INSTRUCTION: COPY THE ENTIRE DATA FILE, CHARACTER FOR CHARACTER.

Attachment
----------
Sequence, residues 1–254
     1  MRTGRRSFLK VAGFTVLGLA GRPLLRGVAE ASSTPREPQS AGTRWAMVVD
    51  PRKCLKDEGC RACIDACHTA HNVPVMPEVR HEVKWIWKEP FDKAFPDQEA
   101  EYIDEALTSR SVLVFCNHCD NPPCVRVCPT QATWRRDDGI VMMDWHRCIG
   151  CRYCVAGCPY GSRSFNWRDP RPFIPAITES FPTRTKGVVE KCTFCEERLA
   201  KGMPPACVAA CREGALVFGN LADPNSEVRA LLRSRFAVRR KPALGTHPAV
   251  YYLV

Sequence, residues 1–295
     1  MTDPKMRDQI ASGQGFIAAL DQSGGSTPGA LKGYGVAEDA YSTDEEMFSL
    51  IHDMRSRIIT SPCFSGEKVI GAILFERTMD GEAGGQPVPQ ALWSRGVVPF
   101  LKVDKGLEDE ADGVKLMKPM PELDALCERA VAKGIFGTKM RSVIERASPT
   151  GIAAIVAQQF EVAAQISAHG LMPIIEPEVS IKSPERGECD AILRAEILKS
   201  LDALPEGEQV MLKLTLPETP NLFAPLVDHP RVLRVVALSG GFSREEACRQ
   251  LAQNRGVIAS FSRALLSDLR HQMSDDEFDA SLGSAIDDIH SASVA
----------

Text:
Sequence, residues 1–254
     1  MRTGRRSFLK VAGFTVLGLA GRPLLRGVAE ASSTPREPQS AGTRWAMVVD
    51  PRKCLKDEGC RACIDACHTA HNVPVMPEVR HEVKWIWKEP FDKAFPDQEA
   101  EYIDEALTSR SVLVFCNHCD NPPCVRVCPT QATWRRDDGI VMMDWHRCIG
   151  CRYCVAGCPY GSRSFNWRDP RPFIPAITES FPTRTKGVVE KCTFCEERLA
   201  KGMPPACVAA CREGALVFGN LADPNSEVRA LLRSRFAVRR KPALGTHPAV
   251  YYLV

Sequence, residues 1–295
     1  MTDPKMRDQI ASGQGFIAAL DQSGGSTPGA LKGYGVAEDA YSTDEEMFSL
    51  IHDMRSRIIT SPCFSGEKVI GAILFERTMD GEAGGQPVPQ ALWSRGVVPF
   101  LKVDKGLEDE ADGVKLMKPM PELDALCERA VAKGIFGTKM RSVIERASPT
   151  GIAAIVAQQF EVAAQISAHG LMPIIEPEVS IKSPERGECD AILRAEILKS
   201  LDALPEGEQV MLKLTLPETP NLFAPLVDHP RVLRVVALSG GFSREEACRQ
   251  LAQNRGVIAS FSRALLSDLR HQMSDDEFDA SLGSAIDDIH SASVA